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Golden Toad, Bufo periglenes
At least 9, see article.
Toad refers to a number of species of amphibians. A distinction is often made between frogs and toads by their appearance, prompted by the convergent adaptation among so-called toads to dry environments. For instance, toads often have leathery skin for better water retention, and a brown coloration for camouflage. Many so-called toads also burrow, which requires further adaptations. However, these adaptations merely reflect the environment a species has adapted to, and are not reliable indicators of its ancestry. Since taxonomy reflects only evolutionary relationships, any distinction between frogs and toads is irrelevant to their classification.
For instance, many members of the families Bombinatoridae, Discoglossidae, Pelobatidae, Rhinophrynidae, Scaphiopodidae, and some species from the Microhylidae family are commonly called "toads". However, the only family exclusively given the common name "toad" is Bufonidae, the "true toads". Some "true frogs" of the genus Rana have also adapted to burrowing habits, while the species within the toad genus Atelopus are conversely known by the common name "harlequin frogs".
The type species of the family Bufonidae is the Common Toad, Bufo bufo, and around it cluster a large number of species of the same genus and some smaller genera. B. bufo is a tailless amphibian of stout build with a warty skin and any animal that shares these characteristics is liable to be called a toad, regardless of its location in formal taxonomy.
Almost all toads of the family Bufonidae have two lumps on either side of the back of their head, called the parotoid glands. These glands contain a poison, which oozes out if the toad is stressed. Some, like the Cane Toad Bufo marinus, are more toxic than others. Some "psychoactive toads" such as the Colorado River Toad Bufo alvaris, have been used recreationally for the effects of the bufotoxin.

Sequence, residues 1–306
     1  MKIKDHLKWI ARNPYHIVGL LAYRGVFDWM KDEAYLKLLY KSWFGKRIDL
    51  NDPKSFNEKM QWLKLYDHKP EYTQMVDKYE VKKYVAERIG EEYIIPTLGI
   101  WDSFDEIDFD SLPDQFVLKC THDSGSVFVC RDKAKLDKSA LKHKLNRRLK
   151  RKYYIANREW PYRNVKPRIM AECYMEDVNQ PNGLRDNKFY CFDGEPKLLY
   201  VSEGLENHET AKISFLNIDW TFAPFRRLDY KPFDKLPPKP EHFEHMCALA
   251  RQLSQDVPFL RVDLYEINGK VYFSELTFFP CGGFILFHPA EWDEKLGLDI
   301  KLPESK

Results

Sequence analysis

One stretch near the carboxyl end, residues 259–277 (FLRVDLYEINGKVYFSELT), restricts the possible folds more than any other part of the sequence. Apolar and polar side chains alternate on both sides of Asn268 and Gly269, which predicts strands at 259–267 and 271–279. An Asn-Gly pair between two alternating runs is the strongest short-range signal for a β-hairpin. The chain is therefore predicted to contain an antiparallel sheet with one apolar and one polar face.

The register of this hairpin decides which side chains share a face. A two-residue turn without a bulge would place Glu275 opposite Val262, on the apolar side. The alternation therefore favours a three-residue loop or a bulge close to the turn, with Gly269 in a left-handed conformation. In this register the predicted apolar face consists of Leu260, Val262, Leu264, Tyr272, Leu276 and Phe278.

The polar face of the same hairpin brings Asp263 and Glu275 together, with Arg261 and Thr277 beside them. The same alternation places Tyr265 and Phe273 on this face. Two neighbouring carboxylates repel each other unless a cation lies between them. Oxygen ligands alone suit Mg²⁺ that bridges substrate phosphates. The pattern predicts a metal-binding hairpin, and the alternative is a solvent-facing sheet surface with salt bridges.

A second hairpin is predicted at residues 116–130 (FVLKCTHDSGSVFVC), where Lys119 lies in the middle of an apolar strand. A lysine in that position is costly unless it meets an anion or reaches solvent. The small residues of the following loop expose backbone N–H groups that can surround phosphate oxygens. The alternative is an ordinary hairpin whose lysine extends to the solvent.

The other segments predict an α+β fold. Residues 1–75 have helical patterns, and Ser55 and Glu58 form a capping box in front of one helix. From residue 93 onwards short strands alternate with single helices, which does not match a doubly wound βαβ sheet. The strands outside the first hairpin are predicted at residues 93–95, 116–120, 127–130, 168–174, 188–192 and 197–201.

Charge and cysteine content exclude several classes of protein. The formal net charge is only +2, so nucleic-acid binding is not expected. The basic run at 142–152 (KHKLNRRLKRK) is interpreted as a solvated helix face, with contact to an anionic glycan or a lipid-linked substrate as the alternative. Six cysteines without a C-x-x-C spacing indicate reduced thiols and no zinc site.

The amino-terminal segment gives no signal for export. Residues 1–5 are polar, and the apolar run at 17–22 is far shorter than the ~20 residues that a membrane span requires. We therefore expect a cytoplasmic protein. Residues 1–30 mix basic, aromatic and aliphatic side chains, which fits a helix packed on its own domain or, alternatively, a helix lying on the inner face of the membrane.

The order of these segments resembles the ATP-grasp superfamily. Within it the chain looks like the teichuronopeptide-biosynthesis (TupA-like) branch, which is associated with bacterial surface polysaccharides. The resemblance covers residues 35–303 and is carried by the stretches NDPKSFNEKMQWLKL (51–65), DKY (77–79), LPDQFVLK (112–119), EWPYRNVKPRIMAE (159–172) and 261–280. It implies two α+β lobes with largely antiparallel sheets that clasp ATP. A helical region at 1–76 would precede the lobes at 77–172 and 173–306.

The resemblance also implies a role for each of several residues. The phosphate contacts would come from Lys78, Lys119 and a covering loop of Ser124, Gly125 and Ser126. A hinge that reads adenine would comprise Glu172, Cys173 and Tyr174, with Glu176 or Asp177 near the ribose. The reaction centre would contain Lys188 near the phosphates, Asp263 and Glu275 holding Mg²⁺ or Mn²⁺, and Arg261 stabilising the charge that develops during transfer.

- Adenomus (Cope, 1861)
- Altiphrynoides (Dubois, 1987)
- Andinophryne (Hoogmoed, 1985)
- Ansonia (Stoliczka, 1870)
- Atelophryniscus (McCranie, Wilson & Williams, 1989)
- Atelopus (Duméril & Bibron, 1841)
- Bufo (Laurenti, 1768)
- Bufoides (Pillai & Yazdani, 1973)
- Capensibufo (Grandison, 1980)
- Churamiti (Channing & Stanley, 2002)
- Crepidophryne (Cope, 1889)
- Dendrophryniscus (Jiménez de la Espada, 1871)
- Didynamipus (Andersson, 1903)
- Frostius (Cannatella, 1986)
- Laurenhryne (Tihen, 1960)
- Leptophryne (Fitzinger, 1843)
- Melanophryniscus (Gallardo, 1961)
- Mertensophryne (Tihen, 1960)
- Metaphryniscus (Señaris, Ayarzagüena & Gorzula, 1994)
- Nectophryne (Buchholz & Peters, 1875)
- Nectophrynoides (Noble, 1926)
- Nimbaphrynoides (Dubois, 1987)
- Oreophrynella (Boulenger, 1895)
- Osornophryne (Ruiz-Carranza & Hernández-Camacho, 1976)
- Parapelophryne (Fei, Ye & Jiang, 2003)
- Pedostibes (Günther, 1876)
- Pelophryne (Barbour, 1938)
- Pseudobufo (Tschudi, 1838)
- Rhamphophryne (Trueb, 1971)
- Schismaderma (Smith, 1849)
- Spinophrynoides (Dubois, 1987)
- Stephopaedes (Channing, 1979)
- Truebella (Graybeal & Cannatella, 1995)
- Werneria (Poche, 1903)
- Wolterstorffina (Mertens, 1939)
Other toad families
To Vietnamese people, toad is the uncle of the Sky. According to a Vietnamese ancient story, whenever toads grind their teeth, it is going to rain.
It is commonly believed that if you touch a toad or if it urinates on you, that you will become infected with warts. This is in fact false. Warts are caused by an internal viral infection. Therefore, it is impossible for warts to be caused by an external source, such as a toad.
In addition, the paratoidal glands, which toads use to secrete poison for protection, are often mistaken for warts. It is likely this misconception that led to the 'toads cause warts' myth.
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